Jones & Bartlett Learning books and products are available through most Health Economics, Second Edition is an independent publication. Health Economics Information Resources: A Self-Study Course .. creating subject headings for a book, article, etc. for a Full text in PDF format. PDF | On Sep 30, , Matthew Jowett and others published Principles of Health Economics book less accessible to non-economists, one.
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Jones, A.M., , The Elgar Companion to Health Economics,. Cheltenham . generated HTML, PostScript or PDF produced by some word processors for output The ”Title Page” means, for a printed book, the title page itself, plus such . a health economics textbook, which stated that 'our starting text is Expect_Birth_UK_–93_–pdf (accessed 26 February ). Most books in the field emphasize only on some detailed and specific aspects of health economics. The objective of updating this lecture note is, therefore.
Principles of health economics for developing countries English Abstract Health indicators in developing countries have shown impressive improvements in the past 50 years. But the health status of individuals in these countries remains well below its potential level, and many people lack access to suitable health care and But the health status of individuals in these countries remains well below its potential level, and many people lack access to suitable health care and health-promoting services. This book attempts to provide a suitable economic framework that will foster an understanding of the allocation of broadly defined health care resources, and to aid the design and analysis of policies that affect health outcomes. It addressed both positive and normative issues in the economics of health, and in this sense is similar in approach, if not in scope, to public finance texts.
Call Number: RA Its language is a diverse and broad-based concept covering many other industries: accounting, insurance, mathematics and statistics, public health, provider recruitment and retention, Medicare, health policy, forecasting, aging and long-term care, are all commingled arenas The Dictionary of Health Economics and Finance will be an essential tool for doctors, nurses and clinicians, benefits managers, executives and health care administrators, as well as graduate students and patients With more than 5, definitions, 3, abbreviations and acronyms, and a 2, item oeuvre of resources, readings, and nomenclature derivatives it covers the financial and economics language of every health care industry sector.
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Encyclopedia of Health Care Management Call Number: eBook only This Encyclopedia of Health Care Management is intended to help users understand the business and management issues in the health care industry. Given such a large industry with so many different issues, there are about keywords defined in this volume. The keywords are classified into 16 general categories.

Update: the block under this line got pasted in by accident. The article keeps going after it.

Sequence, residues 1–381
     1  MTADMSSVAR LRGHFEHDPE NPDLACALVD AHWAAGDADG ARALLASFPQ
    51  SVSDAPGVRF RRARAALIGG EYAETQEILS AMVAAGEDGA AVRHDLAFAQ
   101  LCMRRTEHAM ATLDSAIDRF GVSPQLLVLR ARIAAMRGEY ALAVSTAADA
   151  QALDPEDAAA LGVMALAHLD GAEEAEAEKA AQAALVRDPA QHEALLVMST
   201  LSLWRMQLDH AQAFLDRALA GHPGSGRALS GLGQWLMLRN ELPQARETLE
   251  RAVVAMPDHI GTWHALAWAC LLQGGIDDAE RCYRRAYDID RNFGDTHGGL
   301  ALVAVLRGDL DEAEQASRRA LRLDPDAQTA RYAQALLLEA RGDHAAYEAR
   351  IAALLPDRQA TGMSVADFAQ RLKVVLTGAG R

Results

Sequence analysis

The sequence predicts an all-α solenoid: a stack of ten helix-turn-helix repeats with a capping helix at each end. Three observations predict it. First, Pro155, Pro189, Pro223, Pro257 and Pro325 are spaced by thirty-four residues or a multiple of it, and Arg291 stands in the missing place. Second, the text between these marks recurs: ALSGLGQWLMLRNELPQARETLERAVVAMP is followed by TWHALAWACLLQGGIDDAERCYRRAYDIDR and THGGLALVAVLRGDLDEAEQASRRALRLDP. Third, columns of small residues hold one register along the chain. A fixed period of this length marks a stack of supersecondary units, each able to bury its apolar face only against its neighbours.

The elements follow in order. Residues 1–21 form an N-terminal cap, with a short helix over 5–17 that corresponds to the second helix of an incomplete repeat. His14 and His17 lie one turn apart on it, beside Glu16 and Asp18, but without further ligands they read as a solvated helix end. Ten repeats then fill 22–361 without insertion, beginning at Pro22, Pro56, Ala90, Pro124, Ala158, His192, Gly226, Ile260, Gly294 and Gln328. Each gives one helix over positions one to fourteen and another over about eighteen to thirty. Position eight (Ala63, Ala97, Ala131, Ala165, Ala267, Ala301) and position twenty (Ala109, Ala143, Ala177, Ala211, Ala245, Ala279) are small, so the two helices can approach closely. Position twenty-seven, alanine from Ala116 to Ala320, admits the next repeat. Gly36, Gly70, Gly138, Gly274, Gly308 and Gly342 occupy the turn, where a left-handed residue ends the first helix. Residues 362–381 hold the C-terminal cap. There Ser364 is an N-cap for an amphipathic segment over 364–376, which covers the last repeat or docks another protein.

Many states have created risk pools in which relatively healthy enrollees subsidise the care of the rest. Insurers must cope with adverse selection which occurs when they are unable to fully predict the medical expenses of enrollees; adverse selection can destroy the risk pool.
Features of insurance market risk pools, such as group downloads, preferential selection "cherry-picking" , and preexisting condition exclusions are meant to cope with adverse selection. Insured patients are naturally less concerned about healthcare costs than they would if they paid the full price of care. Insurers use several techniques to limit the costs of moral hazard, including imposing copayments on patients and limiting physician incentives to provide costly care. Insurers often compete by their choice of service offerings, cost sharing requirements, and limitations on physicians.
Consumers in healthcare markets often suffer from a lack of adequate information about what services they need to download and which providers offer the best value proposition.
Of particular interest to public health economic evaluation is agent-based models, which allows agents to act autonomously with their own behavioural rules. Agent-based models have an important role to play in such assessments. To date, the modelling approaches adopted to inform the economic evaluation of public health interventions have tended to be relatively simple, perhaps with the exception of some infectious disease modelling [ 14 ].
The variety of modelling approaches available can provide a more accurate assessment of the efficiency of public health interventions. The value of more complex modelling approaches has recently been acknowledged by NICE, which has started to request more complex modelling approaches. If these approaches are to be successful, however, it is important that the evidence base available to economists is improved. The conclusion section consider the type of evidence that would support this research agenda.
Valuing public health outcomes If economists are to value the broader range of outcomes generated by public health interventions, a new valuation approach will be required. What approach should be adopted? One alternative to capturing multiple, non-health outcomes is to undertake a cost-consequence analysis CCA. This option is advocated by NICE in its public health methods guidelines [ 8 ].